Licensing FAQs

General information

Copyright law allows creators to own and protect their music (their intellectual property or IP) and then control how it is used.

Any use of someone else’s intellectual property without permission is theft. Infringing copyright law could result in potentially costly legal action from copyright holders or their representatives and you may be asked to destroy or remove any infringing product (physical or digital) from public access.

Permission may be given through a licence, which will outline the terms of use and any fee you may need to pay.

In the UK, copyright lasts for 70 years from the end of the year in which the composer/songwriter or author dies. Works which are no longer in copyright are referred to as ‘copyright free’ or ‘public domain’.

However, different countries have different copyright terms, meaning a work could be public domain in one country, but its use is controlled in another.

Always contact the rightsowner(s) if you are unsure if a work or product is protected.

Yes.  However, new arrangements and editions of public domain works are themselves protected by copyright law.

All our sheet music displays a copyright credit at the bottom of the first page of each piece or song. Look for the © copyright symbol followed by the rightsowner name and credit details. If the music references someone other than ABRSM, this work does not belong to us.

Much of the music we use in our publications (including excerpts in our Music Theory books and resources) does not belong to us. To use music owned by someone other than ABRSM (even though it appears in our books), you must contact them for permission.

Your local music rights organisation is a good source of further information. In the UK this is PRS for Music but there is an equivalent organisation in almost every country and you can find details of these on the PRS website here: Societies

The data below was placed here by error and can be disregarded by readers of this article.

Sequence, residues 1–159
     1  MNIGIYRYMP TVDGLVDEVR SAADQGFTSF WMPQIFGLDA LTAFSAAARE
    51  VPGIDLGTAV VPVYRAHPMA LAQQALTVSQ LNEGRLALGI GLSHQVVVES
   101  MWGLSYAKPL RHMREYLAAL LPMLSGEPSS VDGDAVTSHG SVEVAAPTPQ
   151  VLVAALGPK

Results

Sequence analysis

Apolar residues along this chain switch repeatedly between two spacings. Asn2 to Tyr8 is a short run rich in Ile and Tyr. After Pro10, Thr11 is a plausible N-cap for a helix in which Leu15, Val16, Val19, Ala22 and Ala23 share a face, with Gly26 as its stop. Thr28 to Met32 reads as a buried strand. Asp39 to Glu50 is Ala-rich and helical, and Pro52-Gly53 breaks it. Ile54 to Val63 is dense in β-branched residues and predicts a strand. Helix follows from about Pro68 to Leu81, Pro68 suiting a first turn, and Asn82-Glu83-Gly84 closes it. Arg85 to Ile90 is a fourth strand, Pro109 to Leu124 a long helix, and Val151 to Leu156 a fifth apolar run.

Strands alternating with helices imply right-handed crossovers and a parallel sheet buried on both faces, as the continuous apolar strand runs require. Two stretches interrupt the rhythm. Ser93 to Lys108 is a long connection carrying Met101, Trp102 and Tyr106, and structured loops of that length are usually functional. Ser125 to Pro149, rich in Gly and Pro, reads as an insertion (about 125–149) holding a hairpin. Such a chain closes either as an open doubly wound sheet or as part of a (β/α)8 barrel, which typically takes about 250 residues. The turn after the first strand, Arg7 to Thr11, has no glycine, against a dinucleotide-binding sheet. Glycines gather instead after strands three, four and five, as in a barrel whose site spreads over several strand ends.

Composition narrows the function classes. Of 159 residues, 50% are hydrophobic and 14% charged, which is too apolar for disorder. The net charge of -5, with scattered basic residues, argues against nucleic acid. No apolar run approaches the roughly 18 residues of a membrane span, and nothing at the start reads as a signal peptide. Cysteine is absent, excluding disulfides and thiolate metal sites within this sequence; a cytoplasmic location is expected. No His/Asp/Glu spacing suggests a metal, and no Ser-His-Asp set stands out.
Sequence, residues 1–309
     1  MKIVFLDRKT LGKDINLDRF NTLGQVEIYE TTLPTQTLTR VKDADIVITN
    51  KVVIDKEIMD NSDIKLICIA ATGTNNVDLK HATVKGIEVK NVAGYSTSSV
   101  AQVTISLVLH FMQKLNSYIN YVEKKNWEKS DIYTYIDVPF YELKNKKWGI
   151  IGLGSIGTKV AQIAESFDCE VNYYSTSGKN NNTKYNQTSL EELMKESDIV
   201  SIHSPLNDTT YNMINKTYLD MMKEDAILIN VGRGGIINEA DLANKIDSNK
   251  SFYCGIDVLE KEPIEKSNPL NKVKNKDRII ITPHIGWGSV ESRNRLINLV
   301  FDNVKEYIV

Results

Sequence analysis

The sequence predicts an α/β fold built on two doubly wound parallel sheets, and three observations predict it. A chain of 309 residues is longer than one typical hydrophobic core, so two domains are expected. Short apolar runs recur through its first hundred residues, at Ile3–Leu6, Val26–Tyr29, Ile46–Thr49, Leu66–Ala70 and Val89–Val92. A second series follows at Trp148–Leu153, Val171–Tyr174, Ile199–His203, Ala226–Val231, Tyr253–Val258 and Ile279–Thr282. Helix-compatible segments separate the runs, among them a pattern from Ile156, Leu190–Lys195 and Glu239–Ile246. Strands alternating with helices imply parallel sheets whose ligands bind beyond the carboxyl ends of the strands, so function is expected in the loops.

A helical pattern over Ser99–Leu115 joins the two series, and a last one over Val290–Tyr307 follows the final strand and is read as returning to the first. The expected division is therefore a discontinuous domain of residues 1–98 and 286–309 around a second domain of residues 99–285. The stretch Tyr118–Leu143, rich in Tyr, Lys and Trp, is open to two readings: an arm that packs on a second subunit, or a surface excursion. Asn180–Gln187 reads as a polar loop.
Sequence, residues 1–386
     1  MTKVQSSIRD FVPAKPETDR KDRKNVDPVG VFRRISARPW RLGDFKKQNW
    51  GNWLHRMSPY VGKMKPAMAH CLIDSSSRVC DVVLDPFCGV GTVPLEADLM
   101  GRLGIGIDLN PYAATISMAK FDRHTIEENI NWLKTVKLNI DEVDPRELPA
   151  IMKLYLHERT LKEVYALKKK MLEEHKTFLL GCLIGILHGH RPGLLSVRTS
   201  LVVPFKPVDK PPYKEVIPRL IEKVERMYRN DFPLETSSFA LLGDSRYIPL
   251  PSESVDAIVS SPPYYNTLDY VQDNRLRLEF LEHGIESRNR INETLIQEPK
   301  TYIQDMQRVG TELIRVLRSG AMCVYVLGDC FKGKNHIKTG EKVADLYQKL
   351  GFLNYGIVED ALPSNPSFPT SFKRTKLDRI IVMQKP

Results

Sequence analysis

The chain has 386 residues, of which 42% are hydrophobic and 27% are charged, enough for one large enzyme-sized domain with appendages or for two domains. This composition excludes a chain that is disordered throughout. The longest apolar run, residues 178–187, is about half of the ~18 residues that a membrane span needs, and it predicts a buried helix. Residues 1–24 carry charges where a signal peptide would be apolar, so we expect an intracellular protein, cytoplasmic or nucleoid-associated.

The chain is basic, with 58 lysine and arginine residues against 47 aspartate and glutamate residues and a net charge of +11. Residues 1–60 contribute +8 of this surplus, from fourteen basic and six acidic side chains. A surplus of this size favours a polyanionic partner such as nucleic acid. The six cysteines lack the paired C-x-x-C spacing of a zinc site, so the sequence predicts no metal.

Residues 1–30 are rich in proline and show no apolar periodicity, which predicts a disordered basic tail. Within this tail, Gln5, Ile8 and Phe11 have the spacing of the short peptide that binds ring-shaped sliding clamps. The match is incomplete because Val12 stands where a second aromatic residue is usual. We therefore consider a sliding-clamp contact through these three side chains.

You will need to contact the rightsowner(s) – most have websites and contact forms. To contact us, select the relevant link on this page. 

Some pieces of music are written by more than one person and each may be represented by a different rightsowner. A rightsowner may also only control certain rights in specific territories. Depending on how you want to use a piece of music, you may need to contact more than one licensor.

This depends on what you want to do. Each music publisher or composer will set their own fees and terms.

Please complete a request form and our copyright team will contact you as soon as possible with more information. 

The terms of any permission will be detailed in your licence. Usually permission is granted on a one or two-year term, after which you would need to ask to extend your agreement.

Yes. You must ask the rightsowner(s) for permission even if you are giving the product away for free or it is being made for charity.

Generally, yes. Using any protected work, however brief, must be done with permission. However, depending on the use, fair dealing exceptions may apply. Find out more.

No. While it is always a good habit to credit the original creators and rightsowner(s) in your product, only a licence can provide you with permission to use their copyright assets. 

You generally need our permission to reproduce any aspect of our publications in physical or digital formats. Imagery and music settings in our publications are © copyright ABRSM, although some of the images and pieces of music we include in our books do not belong to us so we are unable to provide any permission for their use. Find out more. 

To understand more about music licensing generally we recommend the following websites:

Copyright exceptions and fair dealing

UK copyright law specifies a number of exceptions that allow limited use of copyright works without needing permission from the rightsowner. Fair dealing principles can further extend what is permitted.

You can find information about exceptions to copyright at:

You can find information about fair dealing at:

If you are unsure whether you need permission, always ask the rightsowner(s) before going ahead with your project. 

Teachers and schools